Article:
It is the goal of EDAQS that the whole banking and retail sector in addition to all entities with regular cash circulation will participate in the DICE system.Up to now, EDAQS has concentrated most of its resources on preventing cash crimes and forgery, but also to save cash from vanishing as it is happening in Scandinavian countries. But because of the recent group of external appraisals, the DICE has been estimated at an averaged valuation of $5.6 billion and has plans to skip a scheduled seeding process to immediately raise capital in a string A financing, after undisclosed leading capital investors and EDAQS lobbyists showed interest to jointly dominate the global implementation of the innovative and futuristic banknote system. As part of the planned spin-off, the brand new company will create two strong market leaders with distinct brands, partners, operating characteristics and industry dynamics.
DICE combines several technologies and intelligent techniques to solve almost all problems that governments claim to be the reason for the planned abolition of cash. DICE protects the citizen, the retailers and even the banks. And it gives cash a fresh and indisputable reason to live on.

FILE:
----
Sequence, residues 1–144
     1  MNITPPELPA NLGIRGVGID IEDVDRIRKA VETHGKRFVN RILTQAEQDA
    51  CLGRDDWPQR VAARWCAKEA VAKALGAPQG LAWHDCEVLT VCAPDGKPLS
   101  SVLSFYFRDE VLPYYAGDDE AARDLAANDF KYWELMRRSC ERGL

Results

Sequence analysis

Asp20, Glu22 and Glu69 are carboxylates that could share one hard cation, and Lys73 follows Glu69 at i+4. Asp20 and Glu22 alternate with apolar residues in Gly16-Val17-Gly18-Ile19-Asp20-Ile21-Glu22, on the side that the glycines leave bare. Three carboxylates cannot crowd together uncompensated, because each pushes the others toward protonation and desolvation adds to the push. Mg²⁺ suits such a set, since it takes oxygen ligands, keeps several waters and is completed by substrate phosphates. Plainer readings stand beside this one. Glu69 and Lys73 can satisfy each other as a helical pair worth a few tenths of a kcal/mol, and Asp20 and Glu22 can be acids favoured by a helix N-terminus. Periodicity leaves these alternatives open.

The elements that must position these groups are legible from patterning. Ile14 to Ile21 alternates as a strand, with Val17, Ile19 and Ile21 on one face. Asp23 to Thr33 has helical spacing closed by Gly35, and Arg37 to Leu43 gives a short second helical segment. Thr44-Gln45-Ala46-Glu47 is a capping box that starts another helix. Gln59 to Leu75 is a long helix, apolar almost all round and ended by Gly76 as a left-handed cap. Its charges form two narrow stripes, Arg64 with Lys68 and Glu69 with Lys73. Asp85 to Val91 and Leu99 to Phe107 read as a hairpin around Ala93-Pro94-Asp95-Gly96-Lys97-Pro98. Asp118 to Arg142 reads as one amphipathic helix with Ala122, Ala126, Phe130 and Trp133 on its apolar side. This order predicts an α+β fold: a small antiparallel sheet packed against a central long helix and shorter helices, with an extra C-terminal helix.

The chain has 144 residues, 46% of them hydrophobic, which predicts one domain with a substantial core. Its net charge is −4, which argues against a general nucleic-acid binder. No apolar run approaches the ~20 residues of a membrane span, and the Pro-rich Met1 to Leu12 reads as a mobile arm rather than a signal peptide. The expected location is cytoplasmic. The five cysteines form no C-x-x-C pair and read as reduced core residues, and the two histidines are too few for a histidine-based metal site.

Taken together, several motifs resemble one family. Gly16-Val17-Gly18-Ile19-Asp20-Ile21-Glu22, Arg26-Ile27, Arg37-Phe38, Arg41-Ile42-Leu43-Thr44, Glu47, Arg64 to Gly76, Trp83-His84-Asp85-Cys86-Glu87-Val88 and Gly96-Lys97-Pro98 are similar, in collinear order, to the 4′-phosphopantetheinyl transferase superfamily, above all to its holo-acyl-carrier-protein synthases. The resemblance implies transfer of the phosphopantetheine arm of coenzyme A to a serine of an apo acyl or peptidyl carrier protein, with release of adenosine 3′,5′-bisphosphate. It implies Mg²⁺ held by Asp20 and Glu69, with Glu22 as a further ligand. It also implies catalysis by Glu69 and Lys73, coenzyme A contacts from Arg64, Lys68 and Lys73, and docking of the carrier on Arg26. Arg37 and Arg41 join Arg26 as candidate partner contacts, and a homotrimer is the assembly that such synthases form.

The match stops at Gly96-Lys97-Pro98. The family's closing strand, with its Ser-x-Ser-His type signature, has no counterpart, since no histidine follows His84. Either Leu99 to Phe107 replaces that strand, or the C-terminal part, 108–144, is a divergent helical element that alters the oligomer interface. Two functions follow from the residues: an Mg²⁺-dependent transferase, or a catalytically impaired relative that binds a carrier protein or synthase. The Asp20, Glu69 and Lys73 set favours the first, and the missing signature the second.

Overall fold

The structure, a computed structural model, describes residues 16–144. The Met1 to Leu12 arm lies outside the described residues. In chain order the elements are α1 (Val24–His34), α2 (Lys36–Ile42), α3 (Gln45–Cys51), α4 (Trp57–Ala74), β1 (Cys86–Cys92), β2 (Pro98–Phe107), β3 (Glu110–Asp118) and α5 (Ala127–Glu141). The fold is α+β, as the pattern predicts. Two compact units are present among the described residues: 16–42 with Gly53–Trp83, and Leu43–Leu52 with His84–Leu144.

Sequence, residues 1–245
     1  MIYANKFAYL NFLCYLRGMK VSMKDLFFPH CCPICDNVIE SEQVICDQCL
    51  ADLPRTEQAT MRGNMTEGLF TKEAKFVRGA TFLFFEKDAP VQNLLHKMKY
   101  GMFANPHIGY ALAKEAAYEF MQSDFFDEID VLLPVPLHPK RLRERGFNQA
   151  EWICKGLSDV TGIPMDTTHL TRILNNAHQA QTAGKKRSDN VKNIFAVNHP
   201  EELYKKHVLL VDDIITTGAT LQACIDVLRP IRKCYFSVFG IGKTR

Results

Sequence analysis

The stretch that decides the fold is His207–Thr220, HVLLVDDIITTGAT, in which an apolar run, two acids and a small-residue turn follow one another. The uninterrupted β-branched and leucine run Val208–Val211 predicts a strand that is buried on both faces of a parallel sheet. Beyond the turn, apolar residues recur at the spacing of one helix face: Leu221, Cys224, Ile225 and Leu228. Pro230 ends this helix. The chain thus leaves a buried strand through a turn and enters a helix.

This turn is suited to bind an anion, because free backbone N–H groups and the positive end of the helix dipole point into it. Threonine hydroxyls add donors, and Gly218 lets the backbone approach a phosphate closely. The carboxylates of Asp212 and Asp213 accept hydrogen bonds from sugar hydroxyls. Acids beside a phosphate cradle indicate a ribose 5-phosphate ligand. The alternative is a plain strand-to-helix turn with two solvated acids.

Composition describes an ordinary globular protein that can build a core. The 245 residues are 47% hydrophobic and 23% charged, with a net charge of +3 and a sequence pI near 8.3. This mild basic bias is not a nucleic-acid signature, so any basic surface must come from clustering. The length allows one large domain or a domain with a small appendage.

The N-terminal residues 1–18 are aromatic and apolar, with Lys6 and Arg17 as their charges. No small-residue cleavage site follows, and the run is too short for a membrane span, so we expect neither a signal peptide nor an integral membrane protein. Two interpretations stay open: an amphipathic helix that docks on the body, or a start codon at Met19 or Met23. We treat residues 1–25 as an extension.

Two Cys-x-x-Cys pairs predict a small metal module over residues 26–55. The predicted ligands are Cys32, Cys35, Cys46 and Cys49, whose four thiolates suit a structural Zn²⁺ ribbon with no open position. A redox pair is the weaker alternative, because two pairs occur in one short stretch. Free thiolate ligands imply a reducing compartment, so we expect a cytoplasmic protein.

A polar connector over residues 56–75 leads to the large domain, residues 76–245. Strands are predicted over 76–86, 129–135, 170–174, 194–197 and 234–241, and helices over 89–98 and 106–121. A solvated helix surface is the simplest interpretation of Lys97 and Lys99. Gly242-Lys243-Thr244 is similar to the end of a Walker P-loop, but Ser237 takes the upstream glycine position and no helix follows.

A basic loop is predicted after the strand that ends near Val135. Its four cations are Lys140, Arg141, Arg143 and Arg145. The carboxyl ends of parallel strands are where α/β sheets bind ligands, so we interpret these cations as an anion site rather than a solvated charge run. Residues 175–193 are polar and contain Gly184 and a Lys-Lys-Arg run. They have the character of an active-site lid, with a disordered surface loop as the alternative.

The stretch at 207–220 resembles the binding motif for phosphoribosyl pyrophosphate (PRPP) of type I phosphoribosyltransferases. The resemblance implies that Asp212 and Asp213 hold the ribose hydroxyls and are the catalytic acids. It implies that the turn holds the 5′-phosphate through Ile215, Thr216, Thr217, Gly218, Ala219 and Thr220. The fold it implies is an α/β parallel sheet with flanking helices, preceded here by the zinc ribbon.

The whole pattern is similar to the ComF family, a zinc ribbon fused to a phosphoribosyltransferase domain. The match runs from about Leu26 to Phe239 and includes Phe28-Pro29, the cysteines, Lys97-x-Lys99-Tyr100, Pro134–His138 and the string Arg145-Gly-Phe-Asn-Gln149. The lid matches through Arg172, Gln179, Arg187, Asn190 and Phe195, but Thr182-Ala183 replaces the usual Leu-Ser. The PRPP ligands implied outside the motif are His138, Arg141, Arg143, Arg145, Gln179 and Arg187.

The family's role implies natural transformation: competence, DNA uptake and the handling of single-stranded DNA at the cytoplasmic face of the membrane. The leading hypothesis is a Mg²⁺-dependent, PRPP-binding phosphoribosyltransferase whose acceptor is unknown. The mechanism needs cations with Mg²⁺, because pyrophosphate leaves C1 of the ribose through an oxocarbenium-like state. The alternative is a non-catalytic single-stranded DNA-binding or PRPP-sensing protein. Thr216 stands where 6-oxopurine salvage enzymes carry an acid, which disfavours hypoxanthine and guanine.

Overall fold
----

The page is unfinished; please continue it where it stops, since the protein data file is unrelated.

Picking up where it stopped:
Among a variety of new development models there are lots of advantages of DICE. Firstly, counterfeiting of banknotes is a thing of the past sufficient reason for the counterfeited value being greater than the production costs, counterfeiters would naturally need to undergo immeasurable efforts. Second, robberies can be less attractive and even with a limited usage of DICE, the chance of a worthless robbery would be higher than the best gain. DICE also combats crime and for that reason general cash-related crime will undoubtedly be reduced by almost a quarter on the basis of the official crime statistics for Germany released by the authorities (5.96 million offenses in 2013). The incidental registration of the banknotes would also make it easier for banks and companies to manage cash because the complications of handling illicit money bring about higher tax revenues.